rcsclean removes files that are not being worked on. "rcsclean -u" also unlocks and removes files that are being worked on but have not changed.
For each file given, rcsclean compares the working file and a revision in the corresponding RCS file. If it finds a difference, it does nothing. Otherwise, it first unlocks the revision if the -u option is given, and then removes the working file unless the working file is writable and the revision is locked. It logs its actions by outputting the corresponding "rcs -u" and "rm -f" commands on the standard output.
Files are paired as explained in ci(1). If no file is given, all working files in the current directory are cleaned. Pathnames matching an RCS suffix denote RCS files; all others denote working files.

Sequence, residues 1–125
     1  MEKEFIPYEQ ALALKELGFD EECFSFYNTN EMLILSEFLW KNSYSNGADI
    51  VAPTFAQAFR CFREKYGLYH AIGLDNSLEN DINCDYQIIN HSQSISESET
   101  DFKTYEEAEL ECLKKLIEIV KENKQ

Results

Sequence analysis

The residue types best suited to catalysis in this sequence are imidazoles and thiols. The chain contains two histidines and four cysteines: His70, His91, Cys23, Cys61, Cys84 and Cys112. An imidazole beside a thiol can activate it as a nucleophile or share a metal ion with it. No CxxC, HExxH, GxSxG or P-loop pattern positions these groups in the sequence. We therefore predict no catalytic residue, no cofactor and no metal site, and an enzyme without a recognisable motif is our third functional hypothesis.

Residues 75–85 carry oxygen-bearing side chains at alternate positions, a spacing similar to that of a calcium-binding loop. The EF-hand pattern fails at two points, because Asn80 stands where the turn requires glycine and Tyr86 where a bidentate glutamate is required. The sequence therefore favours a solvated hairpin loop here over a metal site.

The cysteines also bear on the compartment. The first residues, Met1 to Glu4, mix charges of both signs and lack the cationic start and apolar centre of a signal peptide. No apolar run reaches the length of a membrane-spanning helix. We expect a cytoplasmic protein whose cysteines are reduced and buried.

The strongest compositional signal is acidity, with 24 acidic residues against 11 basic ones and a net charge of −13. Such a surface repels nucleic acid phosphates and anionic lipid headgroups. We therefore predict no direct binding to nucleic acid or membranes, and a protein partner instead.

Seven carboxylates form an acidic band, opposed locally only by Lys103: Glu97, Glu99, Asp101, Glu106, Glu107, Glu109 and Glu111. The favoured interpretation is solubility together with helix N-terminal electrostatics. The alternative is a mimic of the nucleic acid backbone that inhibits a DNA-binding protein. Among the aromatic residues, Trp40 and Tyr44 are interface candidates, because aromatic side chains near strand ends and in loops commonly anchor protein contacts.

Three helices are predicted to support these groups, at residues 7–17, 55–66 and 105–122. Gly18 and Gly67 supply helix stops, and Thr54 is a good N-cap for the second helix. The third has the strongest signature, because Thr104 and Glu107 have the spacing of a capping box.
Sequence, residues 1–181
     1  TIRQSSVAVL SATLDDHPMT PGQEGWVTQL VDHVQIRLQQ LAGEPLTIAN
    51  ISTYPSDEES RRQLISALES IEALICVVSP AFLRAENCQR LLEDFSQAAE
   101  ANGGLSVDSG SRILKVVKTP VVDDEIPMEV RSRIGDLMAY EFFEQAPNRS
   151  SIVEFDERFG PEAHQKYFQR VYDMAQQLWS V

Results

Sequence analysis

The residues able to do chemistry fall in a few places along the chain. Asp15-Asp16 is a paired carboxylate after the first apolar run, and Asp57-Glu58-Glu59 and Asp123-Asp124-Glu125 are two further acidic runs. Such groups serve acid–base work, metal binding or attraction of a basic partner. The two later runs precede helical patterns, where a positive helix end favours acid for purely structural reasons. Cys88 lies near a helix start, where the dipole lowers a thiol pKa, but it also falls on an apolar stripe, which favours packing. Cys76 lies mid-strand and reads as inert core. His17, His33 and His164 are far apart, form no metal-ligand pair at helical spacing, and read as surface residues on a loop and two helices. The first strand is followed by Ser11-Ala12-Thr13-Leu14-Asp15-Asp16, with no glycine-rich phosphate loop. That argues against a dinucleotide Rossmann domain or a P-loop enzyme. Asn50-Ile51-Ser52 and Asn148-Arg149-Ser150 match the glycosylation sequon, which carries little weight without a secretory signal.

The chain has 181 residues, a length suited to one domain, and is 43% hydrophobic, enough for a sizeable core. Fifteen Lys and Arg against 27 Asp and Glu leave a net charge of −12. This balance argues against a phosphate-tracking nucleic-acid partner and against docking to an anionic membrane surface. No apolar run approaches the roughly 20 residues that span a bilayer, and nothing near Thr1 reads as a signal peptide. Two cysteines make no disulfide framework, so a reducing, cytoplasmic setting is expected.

The number of the revision to which the working file is compared may be attached to any of the options -n, -q, -r, or -u. If no revision number is specified, then if the -u option is given and the caller has one revision locked, rcsclean uses that revision; otherwise rcsclean uses the latest revision on the default branch, normally the root.
rcsclean is useful for clean targets in makefiles. See also rcsdiff(1), which prints out the differences, and ci(1), which normally reverts to the previous revision if a file was not changed.